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Squash scoring

Squash scoring systems have evolved over time. The original scoring system is known as English scoring, also called hand-out scoring. Under this system, if the server wins a rally, they receive a point, while if the returner wins rally, only the service changes (i.e., the ball goes "hand-out") and no point is given. The first player to reach 9 points wins the game. However, if the score reaches 8–8, the player who was first to reach 8 decides whether the game will be played to 9, as before (called "set one"), or to 10 (called "set two"). At one time this scoring system was preferred in Britain, and also among countries with traditional British ties, such as Australia, Canada, Pakistan, South Africa, India and Sri Lanka.

The current official scoring system for all levels of professional and amateur squash is called point-a-rally scoring (PARS). In PARS, the winner of a rally always receives a point, regardless of whether they were the server or returner. Games are played to 11, but in contrast to English scoring, players must win by two clear points. That is, if the score reaches 10–10, play continues until one player wins by two points. PARS to 11 is now used on the men's and women's professional tour, and the tin height has been lowered by two inches (to 17 inches) for all PSA events (men's and women's).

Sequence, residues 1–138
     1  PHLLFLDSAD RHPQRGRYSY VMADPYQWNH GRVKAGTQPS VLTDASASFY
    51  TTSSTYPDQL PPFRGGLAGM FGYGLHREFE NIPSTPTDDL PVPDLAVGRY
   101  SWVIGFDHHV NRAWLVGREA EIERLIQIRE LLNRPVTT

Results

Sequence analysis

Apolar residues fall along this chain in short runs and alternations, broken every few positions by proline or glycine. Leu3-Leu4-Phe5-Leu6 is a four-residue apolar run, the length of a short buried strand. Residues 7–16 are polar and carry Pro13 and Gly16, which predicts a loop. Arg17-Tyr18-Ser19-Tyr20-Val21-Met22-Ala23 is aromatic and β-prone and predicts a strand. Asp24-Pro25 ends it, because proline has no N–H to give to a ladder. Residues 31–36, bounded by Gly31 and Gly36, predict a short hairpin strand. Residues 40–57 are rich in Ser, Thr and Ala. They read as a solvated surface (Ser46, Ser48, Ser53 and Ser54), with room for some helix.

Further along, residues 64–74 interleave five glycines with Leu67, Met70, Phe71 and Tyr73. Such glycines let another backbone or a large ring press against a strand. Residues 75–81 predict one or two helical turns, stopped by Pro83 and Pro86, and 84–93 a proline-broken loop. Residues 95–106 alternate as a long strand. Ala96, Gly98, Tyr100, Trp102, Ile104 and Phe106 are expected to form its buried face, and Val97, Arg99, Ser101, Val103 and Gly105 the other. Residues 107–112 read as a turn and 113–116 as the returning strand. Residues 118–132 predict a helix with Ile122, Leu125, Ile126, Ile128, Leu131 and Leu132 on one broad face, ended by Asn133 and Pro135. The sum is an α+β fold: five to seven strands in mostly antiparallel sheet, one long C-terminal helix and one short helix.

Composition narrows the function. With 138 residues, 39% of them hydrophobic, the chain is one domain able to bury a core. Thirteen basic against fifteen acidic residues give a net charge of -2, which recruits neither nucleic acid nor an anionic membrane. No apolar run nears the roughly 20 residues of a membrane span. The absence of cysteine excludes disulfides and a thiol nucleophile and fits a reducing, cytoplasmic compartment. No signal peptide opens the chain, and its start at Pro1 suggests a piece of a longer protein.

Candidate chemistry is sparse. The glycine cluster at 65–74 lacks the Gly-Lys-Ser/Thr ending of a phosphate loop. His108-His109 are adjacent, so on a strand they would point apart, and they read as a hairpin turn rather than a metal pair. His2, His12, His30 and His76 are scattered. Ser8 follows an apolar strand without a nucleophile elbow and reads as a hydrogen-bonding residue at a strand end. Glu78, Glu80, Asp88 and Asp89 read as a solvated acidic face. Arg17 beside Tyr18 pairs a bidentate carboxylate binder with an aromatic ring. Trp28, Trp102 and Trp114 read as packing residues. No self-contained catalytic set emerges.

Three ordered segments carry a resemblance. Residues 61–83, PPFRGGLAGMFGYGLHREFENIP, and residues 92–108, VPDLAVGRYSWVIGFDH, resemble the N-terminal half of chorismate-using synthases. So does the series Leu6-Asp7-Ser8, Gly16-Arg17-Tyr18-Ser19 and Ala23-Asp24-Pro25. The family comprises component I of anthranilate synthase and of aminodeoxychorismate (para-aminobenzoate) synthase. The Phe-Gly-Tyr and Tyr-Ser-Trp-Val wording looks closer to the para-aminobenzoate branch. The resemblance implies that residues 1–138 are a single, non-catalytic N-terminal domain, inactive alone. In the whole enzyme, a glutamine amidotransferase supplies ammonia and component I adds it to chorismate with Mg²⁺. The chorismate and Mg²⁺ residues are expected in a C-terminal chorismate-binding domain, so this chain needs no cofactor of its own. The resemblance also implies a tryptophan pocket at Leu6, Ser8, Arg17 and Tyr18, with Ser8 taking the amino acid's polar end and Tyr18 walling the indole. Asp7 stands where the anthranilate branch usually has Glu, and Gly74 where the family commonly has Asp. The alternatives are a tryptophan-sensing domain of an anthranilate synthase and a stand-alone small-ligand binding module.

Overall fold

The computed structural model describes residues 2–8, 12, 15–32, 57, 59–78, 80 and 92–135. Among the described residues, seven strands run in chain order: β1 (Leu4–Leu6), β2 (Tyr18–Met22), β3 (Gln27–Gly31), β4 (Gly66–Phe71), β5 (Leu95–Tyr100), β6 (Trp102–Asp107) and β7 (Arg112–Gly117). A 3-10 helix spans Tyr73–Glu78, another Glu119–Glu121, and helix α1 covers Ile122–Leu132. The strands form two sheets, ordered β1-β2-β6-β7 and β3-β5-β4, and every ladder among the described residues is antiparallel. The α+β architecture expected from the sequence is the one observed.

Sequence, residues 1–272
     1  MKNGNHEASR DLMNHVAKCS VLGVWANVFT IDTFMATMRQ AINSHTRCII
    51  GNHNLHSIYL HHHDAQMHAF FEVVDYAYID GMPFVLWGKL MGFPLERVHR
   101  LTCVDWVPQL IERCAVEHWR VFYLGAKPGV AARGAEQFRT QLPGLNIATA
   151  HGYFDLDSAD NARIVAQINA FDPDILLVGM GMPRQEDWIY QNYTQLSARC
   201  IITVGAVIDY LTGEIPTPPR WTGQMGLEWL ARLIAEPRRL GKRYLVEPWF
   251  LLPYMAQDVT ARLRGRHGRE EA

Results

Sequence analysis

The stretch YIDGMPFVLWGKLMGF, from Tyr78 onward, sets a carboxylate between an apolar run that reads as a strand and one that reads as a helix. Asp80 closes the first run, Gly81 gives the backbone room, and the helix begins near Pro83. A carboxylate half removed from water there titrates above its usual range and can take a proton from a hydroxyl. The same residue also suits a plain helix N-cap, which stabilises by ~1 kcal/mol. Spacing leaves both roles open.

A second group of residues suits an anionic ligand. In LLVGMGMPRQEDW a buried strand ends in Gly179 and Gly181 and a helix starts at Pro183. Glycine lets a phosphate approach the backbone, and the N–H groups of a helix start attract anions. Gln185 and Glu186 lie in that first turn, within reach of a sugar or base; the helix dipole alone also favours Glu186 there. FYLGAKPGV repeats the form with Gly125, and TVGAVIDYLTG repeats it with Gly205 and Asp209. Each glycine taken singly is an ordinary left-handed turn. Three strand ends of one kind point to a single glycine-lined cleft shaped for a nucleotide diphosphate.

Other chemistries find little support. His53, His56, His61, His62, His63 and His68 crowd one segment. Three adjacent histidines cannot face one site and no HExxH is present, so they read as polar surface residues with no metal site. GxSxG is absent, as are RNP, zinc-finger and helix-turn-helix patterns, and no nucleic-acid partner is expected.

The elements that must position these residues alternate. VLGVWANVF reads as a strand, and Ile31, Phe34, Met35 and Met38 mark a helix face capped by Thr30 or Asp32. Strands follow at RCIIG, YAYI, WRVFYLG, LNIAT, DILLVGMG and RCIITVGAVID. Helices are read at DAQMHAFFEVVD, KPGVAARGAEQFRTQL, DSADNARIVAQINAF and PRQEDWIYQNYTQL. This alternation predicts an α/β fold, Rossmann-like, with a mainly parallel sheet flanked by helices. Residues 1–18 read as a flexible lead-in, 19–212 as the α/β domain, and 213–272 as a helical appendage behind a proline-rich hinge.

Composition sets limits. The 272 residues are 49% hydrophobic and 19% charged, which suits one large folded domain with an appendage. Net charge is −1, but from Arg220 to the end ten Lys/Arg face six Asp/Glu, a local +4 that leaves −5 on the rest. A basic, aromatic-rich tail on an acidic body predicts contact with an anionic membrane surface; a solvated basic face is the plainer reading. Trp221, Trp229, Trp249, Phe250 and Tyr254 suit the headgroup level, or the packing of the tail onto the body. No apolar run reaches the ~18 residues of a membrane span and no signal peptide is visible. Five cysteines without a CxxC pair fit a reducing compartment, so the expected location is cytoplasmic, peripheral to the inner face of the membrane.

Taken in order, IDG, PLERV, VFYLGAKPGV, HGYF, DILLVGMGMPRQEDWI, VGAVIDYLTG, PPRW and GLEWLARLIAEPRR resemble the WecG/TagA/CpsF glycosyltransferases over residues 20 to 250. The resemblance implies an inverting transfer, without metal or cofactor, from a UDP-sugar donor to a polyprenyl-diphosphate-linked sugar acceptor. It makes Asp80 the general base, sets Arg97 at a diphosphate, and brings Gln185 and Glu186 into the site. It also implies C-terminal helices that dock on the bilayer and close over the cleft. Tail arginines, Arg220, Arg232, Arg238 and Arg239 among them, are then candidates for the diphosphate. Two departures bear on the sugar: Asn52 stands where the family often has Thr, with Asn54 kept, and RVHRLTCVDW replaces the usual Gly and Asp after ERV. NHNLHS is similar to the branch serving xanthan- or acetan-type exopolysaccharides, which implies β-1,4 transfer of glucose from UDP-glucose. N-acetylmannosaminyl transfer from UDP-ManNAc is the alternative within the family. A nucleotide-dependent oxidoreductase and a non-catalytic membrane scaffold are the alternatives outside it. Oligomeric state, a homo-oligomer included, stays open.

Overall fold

Another scoring system is American scoring. The rules of American scoring are identical to PARS, apart from games are played to 15. This system is not widely used because games were considered to last too long and the winner would usually be the fitter player, not necessarily the better player.[7]

Competition matches are usually played to "best-of-five" (i.e. the first player to win three games.

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Understanding squash scoring
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